© The Author 2016. OBJECTIVES: The Freestyle valve may be used for pulmonary valve replacement (PVR). Whether its stentless design and anticalcification treatment improve durability relative to alternative bioprostheses, however, is unknown and long-term data are lacking. METHODS: We performed a retrospective review of all Freestyle PVRs performed by a single surgeon in two institutions. All patients were contacted for follow-up to establish survival, New York Heart Association class and reintervention. Up to date, echocardiography was obtained to assess valve function. Perioperative factors associated with structural valve dysfunction (SVD) were assessed using Cox regression. RESULTS: Between 2000 and 2014, PVR with a Freestyle valve was performed in 114 patients with congenital heart disease. There were 70 males and 44 females. The median age was 21 years (interquartile range 11-35 years). The median clinical and echocardiographic follow-up was 62 months (interquartile range 35-115 months, n = 110) and 58 months (interquartile range 30-93 months, n = 107), respectively. Follow-up was complete for 107 of 114 patients (94%). The survival rate was 95% at 5 years and 91% at 10 years. The rate of freedom from SVD at 5 years was 82%, and at 10 years was 61%. The reintervention-free survival rate was 85% at 5 years, and 71% at 10 years. CONCLUSION: The Freestyle valve in the pulmonary position in a congenital population is associated with low medium-term incidences of SVD and reintervention. It performs equally well to the homograft when a conduit is required and can be considered a valid alternative to stented bioprostheses when PVR alone is required.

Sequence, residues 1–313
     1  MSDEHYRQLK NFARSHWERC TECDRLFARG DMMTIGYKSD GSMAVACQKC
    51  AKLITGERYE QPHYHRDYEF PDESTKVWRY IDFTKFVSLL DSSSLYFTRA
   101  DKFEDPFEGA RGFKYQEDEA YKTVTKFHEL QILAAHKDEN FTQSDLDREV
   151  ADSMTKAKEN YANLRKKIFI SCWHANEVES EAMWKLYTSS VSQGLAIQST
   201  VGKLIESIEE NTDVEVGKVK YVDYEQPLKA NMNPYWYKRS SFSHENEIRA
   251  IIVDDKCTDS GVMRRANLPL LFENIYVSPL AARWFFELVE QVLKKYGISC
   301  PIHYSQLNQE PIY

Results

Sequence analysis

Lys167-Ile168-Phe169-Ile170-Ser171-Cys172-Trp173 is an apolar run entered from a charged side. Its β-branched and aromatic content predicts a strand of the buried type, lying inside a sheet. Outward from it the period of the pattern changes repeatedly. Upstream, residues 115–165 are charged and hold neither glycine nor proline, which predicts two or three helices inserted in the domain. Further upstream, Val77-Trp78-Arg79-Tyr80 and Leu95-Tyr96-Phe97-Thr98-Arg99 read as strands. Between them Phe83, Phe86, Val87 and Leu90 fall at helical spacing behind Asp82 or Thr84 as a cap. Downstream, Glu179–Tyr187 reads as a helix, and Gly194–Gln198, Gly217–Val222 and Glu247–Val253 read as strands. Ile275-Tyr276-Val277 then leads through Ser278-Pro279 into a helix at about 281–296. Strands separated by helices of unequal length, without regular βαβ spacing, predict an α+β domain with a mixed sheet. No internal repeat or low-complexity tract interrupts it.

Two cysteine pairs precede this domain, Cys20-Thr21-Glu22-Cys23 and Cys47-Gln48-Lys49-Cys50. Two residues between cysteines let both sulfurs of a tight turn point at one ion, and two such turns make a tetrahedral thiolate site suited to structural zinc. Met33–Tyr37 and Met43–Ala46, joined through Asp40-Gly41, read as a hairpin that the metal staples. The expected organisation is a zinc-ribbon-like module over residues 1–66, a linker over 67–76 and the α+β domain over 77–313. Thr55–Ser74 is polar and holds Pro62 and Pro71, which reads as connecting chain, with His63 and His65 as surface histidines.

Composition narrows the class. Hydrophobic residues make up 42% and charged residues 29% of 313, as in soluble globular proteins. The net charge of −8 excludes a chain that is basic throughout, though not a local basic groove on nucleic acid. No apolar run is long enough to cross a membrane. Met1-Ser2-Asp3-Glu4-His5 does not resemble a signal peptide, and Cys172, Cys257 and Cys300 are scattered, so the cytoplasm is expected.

Dunne, B., Suthers, E., Xiao, P., Xiao, J., Litton, E., & Andrews, D. (2016). Medium-term outcomes after pulmonary valve replacement with the freestyle valve for congenital heart disease: A case series. European Journal of Cardio-Thoracic Surgery, 49(5), e105-e111. https://doi.org/10.1093/ejcts/ezw024